25:44 JF: Yeah, people love that stuff, and its not like people actually gets scared of you and runaway, they trust you more. And it's totally counter-intuitive to what most people think, but the truth is because so many people aren't transparent, you're going to trust the person who at least is willing to tell their story. And if there's only one of them, then they are all going to come to me. Just today, I had one of the guys who leads growth and partnerships at Facebook reach out to me. He says, "I loved your story about you not getting hired at Lyft to lead their social media. It reminds me of my story." And I was like, "Wow, some dude that I would just dreamed of talking about just reached out to me and said, 'Hey, your story really resonates with mine.'" And it's such a valuable connection right there, and that's only one of thousands that happened over the last couple of months.

26:35 Steve: You see that everyone else has the same exact pain points, same exact tribulations to reach the top. I think that a lot of stuff you've gone through, I've gone through and the other person has gone through, and when you're real about it, you're honest about it, like, "Listen, I've been through that too." There's a sense of trust that almost automatically is generated between you and the other person. I'm a psychology guy before being a marketer, I studied psychology, I studied stand-up comedy and when you connect with an audience... [chuckle] That's why I always compare comedy to online marketing is when you connect with that audience, you can do whatever you want, you can bring them anywhere, you can bring them to a disco ball, you can bring them to Argentina, and they're just gonna laugh with you. I think that's the amazing thing about human connection.

27:23 JF: I entirely agree, and people often forget that nobody changes across platforms. These people that are on Facebook are the same people that are on LinkedIn. It's not like they're different people now that they are using a different social media platform. They still are going to want to build a relationship based on their know, like, and trust factor with you. And how do you increase that? It's just being transparent, being real with them and they love that. But also understanding like, "Hey, how did you solve your problem?" So if you just go off on a story about how you lost a lot of money and that you're hopeless, people won't do business with you. You have to actually have solved that problem, right?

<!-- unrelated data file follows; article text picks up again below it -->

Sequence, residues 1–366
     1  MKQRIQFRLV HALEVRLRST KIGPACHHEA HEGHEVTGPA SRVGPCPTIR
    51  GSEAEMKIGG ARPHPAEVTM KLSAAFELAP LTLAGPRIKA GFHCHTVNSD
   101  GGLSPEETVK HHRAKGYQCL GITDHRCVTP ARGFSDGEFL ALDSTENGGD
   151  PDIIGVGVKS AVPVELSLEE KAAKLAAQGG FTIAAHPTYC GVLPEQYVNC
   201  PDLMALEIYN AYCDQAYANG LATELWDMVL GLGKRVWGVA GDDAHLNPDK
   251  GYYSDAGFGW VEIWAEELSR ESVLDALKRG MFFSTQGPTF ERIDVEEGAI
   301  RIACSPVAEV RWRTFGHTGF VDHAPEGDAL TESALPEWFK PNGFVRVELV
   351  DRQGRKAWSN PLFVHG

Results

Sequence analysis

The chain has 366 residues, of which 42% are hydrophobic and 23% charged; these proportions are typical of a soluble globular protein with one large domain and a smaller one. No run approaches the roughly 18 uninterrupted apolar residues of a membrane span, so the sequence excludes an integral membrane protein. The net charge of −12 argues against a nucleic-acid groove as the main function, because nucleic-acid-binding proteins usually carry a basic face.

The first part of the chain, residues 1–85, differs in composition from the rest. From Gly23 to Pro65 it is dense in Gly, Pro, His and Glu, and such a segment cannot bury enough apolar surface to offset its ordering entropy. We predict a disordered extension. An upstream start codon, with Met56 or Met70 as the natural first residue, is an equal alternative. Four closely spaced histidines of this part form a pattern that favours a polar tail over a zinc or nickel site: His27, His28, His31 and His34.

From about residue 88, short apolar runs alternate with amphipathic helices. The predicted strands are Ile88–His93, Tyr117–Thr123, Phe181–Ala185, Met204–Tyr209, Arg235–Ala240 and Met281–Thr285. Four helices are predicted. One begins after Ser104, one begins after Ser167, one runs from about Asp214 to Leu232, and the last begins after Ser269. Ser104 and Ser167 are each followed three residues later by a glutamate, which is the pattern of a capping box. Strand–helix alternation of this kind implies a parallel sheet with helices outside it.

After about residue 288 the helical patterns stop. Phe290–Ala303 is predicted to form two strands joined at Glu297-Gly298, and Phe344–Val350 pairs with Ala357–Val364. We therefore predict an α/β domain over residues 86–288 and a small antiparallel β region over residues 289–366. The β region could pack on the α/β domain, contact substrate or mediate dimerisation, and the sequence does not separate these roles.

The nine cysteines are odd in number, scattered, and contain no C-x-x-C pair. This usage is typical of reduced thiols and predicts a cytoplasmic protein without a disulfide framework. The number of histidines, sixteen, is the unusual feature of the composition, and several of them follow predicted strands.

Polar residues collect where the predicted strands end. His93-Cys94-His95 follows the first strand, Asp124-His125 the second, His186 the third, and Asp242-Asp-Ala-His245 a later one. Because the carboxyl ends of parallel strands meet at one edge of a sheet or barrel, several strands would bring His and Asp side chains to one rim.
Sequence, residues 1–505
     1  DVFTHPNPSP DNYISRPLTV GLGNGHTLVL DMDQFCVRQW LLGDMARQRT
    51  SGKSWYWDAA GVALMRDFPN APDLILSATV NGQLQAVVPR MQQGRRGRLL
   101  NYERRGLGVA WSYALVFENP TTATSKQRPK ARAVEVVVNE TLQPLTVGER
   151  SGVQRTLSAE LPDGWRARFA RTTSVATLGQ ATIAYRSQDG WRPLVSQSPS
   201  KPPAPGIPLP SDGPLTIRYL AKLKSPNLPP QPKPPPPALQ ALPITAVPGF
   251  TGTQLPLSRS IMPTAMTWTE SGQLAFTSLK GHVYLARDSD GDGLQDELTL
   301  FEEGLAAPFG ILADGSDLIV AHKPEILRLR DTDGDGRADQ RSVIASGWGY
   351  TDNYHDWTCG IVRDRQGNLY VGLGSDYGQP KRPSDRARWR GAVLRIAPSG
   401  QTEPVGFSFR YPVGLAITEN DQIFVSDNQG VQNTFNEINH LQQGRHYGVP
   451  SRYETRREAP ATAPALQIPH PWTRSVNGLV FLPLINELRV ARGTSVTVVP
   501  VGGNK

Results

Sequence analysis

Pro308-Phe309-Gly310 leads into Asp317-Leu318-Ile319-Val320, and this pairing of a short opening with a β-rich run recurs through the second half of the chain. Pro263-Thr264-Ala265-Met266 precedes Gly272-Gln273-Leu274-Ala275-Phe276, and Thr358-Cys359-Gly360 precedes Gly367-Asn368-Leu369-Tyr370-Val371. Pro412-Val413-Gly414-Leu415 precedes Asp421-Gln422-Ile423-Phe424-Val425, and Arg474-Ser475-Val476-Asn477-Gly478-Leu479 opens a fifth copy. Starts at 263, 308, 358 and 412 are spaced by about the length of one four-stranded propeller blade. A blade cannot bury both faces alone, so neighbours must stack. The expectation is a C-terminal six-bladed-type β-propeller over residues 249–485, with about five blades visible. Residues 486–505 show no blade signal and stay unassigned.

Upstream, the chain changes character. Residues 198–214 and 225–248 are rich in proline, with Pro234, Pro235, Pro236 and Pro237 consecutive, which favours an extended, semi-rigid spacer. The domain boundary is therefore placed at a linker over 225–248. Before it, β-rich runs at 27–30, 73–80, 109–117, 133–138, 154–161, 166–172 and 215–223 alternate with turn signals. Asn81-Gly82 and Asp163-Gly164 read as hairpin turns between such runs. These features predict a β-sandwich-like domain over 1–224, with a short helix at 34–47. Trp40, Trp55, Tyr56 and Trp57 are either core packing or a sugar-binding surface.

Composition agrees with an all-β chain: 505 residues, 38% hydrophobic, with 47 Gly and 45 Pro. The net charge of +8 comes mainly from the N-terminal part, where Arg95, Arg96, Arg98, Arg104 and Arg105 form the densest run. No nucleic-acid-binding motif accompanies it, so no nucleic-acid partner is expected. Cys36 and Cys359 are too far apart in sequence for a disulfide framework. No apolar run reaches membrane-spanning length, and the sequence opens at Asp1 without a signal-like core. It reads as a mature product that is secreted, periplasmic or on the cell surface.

28:00 Steve: You have to come out of that alive. It's like, "Yeah, I went in to it then I died, I didn't survive. I'm out."

28:07 Steve: But you know what's interesting is, I always look at people and I say, "How do you quantify people to regular brands?" How do you correlate what we're talking about, from being real, being legit, like talking about your pain points and saying like... How do you correlate that to being an e-commerce brand? Let's say you're in a holiday season and you're running out of product and people are pissed off, they're yelling at you. If you're in e-commerce just be real and be honest with people, just say, "Hey guys, I didn't realize that we'd run out of product, I'm sorry." You know how far that would go? 

28:47 JF: Imagine of all the kickstarter campaigns, right? Where they're all saying like, "Oh, it's gonna be here, I promise." Just be honest, if it's not gonna be there for a month, or three months, let them know. Otherwise you're going to keep saying, "I promise, I promise," for two months. And guess what? Now you have a million broken promises.

29:05 Steve: Exactly. We all run businesses. We all know that there's troubles, there's pain points, there's difficulties, everyone gets it. I stress to every partner we work with, just be honest with people, just tell them. Listen, if you're having fulfillment issues and you wanna apologize to people, instead of just posting on a fanpage, why don't you run an ad to it? Run an ad to your custom audience saying, "I'm sorry. This is on us. We didn't realize the product would take this long." Just be real. People will so much appreciate that, and they would look at you as a human being and less just some random brand. And I don't really understand why more people don't humanize themselves when it comes to their online reputation or their business.